Brislin, R. W. (1980). “Translation and content analysis of oral and written material,” in Handbook of Cross Cultural Psychology, Vol. 2, eds H. C. Triandis and J. W. Berry (Boston, MA: Allyn & Bacon), 398–444.
Church, A. T., Alvarez, J. M., Mai, N. T., French, B. F., Katigbak, M. S., and Ortiz, F. A. (2011). Are cross-cultural comparisons of personality profiles meaningful? Differential item and facet functioning in the Revised NEO Personality Inventory. J. Pers. Soc. Psychol. 101, 1068–1089. doi: 10.1037/a0025290
Crane, P. K., Gibbons, L. E., Jolley, L., and van Belle, G. (2006). Differential item functioning analysis with ordinal logistic regression techniques: DIFdetect and difwithpar. Med. Care 44, S115–S123. doi: 10.1097/01.mlr.0000245183.28384.ed
Dabic, M., Daim, T., Bayraktaroglu, E., Novak, I., and Basic, M. (2012). Exploring gender differences in attitudes of university students towards entrepreneurship: an international survey. Int. J. Gend. Entrep. 4, 316–336. doi: 10.1108/17566261211264172
Di Marco, D., López-Cabrera, R., Arenas, A., Giorgi, G., Arcangeli, G., and Mucci, N. (2016). Approaching the discriminatory work environment as stressor: the protective role of job satisfaction on health. Front. Psychol. 7:1313. doi: 10.3389/fpsyg.2016.01313
Drydakis, N. (2015). The effect of unemployment on self-reported health and mental health in Greece from 2008 to 2013: a longitudinal study before and during the financial crisis. Soc. Sci. Med. 128, 43–51. doi: 10.1016/j.socscimed.2014.12.025
Haus, I., Steinmetz, H., Isidor, R., and Kabst, R. (2013). Gender effects on entrepreneurial intention: a meta-analytical structural equation model. Int. J. Gend. Entrep. 5, 130–156. doi: 10.1108/17566261311328828
Jennings, J. E., and Brush, C. G. (2013). Research on women entrepreneurs: challenges to (and from) the broader entrepreneurship literature? Acad. Manage. Ann. 7, 661–713. doi: 10.1080/19416520.2013.782190
Kautonen, T., Van Gelderen, M., and Fink, M. (2015). Robustness of the theory of planned behavior in predicting entrepreneurial intentions and actions. Entrep. Theory Pract. 39, 655–674. doi: 10.1111/etap.12056
Liñán, F., and Chen, Y. W. (2009). Development and cross-cultural application of a specific instrument to measure entrepreneurial intentions. Entrep. Theory Pract. 33, 593–617. doi: 10.1111/j.1540-6520.2009.00318.x
Maes, J., Leroy, H., and Sels, L. (2014). Gender differences in entrepreneurial intentions: a TPB multi-group analysis at factor and indicator level. Eur. Manage. J. 32, 784–794. doi: 10.1016/j.emj.2014.01.001
Mucci, N., Giorgi, G., Roncaioli, M., Perez, J. F., and Arcangeli, G. (2016). The correlation between stress and economic crisis: a systematic review. Neuropsychiatr. Dis. Treat. 12, 983–993. doi: 10.2147/NDT.S98525
Penfield, R. D., and Algina, J. (2003). Applying the Liu-Agresti estimator of the cumulative common odds ratio to DIF detection in polytomous items. J. Educ. Meas. 40, 353–370. doi: 10.1111/j.1745-3984.2003.tb01151.x
Penfield, R. D., and Algina, J. (2006). A generalized DIF effect variance estimator for measuring unsigned differential test functioning in mixed format tests. J. Educ. Meas. 43, 295–312. doi: 10.1111/j.1745-3984.2006.00018.x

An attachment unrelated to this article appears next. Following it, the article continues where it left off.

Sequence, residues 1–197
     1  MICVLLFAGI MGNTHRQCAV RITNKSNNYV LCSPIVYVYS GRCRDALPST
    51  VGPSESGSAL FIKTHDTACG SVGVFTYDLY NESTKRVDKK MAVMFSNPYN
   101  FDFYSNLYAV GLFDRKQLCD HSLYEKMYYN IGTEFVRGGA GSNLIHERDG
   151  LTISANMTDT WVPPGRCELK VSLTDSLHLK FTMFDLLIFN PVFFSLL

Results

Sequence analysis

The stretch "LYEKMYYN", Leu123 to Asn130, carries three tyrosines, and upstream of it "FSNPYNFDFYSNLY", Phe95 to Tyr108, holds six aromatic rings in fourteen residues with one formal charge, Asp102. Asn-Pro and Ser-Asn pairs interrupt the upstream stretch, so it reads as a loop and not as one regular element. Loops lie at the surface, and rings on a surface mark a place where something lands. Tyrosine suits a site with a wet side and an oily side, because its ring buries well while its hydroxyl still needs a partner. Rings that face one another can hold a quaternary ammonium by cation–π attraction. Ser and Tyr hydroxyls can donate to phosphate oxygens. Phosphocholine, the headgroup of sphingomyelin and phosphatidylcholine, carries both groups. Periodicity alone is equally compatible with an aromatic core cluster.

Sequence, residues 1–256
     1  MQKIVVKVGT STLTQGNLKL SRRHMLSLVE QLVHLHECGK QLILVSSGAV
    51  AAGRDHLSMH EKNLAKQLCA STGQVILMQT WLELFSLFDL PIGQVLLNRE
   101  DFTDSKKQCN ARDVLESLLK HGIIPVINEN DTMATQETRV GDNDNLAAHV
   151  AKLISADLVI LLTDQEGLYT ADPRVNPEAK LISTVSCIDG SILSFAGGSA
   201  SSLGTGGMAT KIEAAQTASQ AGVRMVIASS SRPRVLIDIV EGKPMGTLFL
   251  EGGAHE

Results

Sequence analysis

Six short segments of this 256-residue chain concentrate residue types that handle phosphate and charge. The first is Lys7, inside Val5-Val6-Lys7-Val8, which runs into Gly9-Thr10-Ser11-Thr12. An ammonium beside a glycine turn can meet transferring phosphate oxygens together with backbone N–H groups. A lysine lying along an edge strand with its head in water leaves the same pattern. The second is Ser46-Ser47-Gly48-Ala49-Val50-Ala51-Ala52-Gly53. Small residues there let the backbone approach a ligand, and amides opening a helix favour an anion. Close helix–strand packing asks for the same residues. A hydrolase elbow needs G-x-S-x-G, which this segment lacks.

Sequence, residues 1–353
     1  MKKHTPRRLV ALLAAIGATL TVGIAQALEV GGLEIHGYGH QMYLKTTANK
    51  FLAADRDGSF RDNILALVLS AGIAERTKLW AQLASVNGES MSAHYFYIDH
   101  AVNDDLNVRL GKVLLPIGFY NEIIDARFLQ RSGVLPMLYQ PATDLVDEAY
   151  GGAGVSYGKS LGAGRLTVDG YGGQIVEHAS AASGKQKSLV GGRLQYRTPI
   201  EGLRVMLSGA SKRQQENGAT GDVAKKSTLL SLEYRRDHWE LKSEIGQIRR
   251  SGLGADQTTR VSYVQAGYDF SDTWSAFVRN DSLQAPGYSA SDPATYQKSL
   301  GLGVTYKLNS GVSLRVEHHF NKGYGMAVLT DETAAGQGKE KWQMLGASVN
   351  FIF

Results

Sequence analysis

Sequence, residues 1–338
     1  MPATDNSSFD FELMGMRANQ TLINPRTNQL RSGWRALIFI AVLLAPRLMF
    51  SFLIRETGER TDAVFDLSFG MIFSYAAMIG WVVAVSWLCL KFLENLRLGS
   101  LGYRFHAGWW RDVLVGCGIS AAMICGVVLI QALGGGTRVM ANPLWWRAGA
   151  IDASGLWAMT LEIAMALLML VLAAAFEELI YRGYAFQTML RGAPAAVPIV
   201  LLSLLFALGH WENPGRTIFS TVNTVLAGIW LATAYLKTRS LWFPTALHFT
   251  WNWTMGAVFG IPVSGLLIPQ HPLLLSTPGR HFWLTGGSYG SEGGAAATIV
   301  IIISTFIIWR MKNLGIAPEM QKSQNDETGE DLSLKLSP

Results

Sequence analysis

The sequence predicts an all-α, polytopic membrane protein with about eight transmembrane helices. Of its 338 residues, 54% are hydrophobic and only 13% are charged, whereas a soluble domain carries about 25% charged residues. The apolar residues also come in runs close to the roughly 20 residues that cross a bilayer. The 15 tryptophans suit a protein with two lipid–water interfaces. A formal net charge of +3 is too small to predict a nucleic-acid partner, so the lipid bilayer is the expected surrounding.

Pines, M. A., Lerner, M., and Schwartz, D. (2010). Gender differences in entrepreneurship: equality, diversity and inclusion in times of global crisis. Equal. Divers. Incl. 29, 186–198. doi: 10.1108/02610151011024493
Shook, C. L., Ketchen, D. J. J., Hult, G. T. M., and Kacmar, K. M. (2004). An assessment of the use of structural equation models in strategic management research. Strateg. Manage. J. 25, 397–404. doi: 10.1097/HMR.0b013e3181d5b0f5
Sieger, P., Fueglistaller, U., and Zellweger, T. (2014). Student entrepreneurship across the Globe: a look at intentions and activities. International Report of the GUESSS Project 2013/2014. St.Gallen: Swiss Research Institute of Small Business and Entrepreneurship.
Stewart, W. H., Watson, W. E., Carland, J. C., and Carland, J. W. (1999). A proclivity for entrepreneurship: a comparison of entrepreneurs, small business owners, and corporate managers. J. Bus. Ventur. 14, 189–214. doi: 10.1016/S0883-9026(97)00070-0
Thompson, E. R. (2009). Individual entrepreneurial intent: construct clarification and development of an internationally reliable metric. Entrep. Theory Pract. 33, 669–694. doi: 10.1111/j.1540-6520.2009.00321.x
Tognazzo, A., Gubitta, P., Gianecchini, M., and Gianecchini, M. (2016). “My old and my new family” - the impact of family relationships on students’ entrepreneurial intentions: an Italian study. Int. Rev. Entrep. 14, 447–468.
Keywords: differential item functioning, gender differences, entrepreneurship, attitudes, intentions, theory of planned behavior
Citation: Zampetakis LA, Bakatsaki M, Litos C, Kafetsios KG and Moustakis V (2017) Gender-based Differential Item Functioning in the Application of the Theory of Planned Behavior for the Study of Entrepreneurial Intentions. Front. Psychol. 8:451. doi: 10.3389/fpsyg.2017.00451
Received: 18 October 2016; Accepted: 10 March 2017;
Published: 23 March 2017.
Edited by:Olga Epitropaki, ALBA Graduate Business School, Greece
Reviewed by:Alessandra Tognazzo, University of Padua, Italy
Gabriele Giorgi, European University of Rome, Italy
Copyright © 2017 Zampetakis, Bakatsaki, Litos, Kafetsios and Moustakis. This is an open-access article distributed under the terms of the Creative Commons Attribution License (CC BY). The use, distribution or reproduction in other forums is permitted, provided the original author(s) or licensor are credited and that the original publication in this journal is cited, in accordance with accepted academic practice. No use, distribution or reproduction is permitted which does not comply with these terms.
*Correspondence: Leonidas A. Zampetakis, email@example.com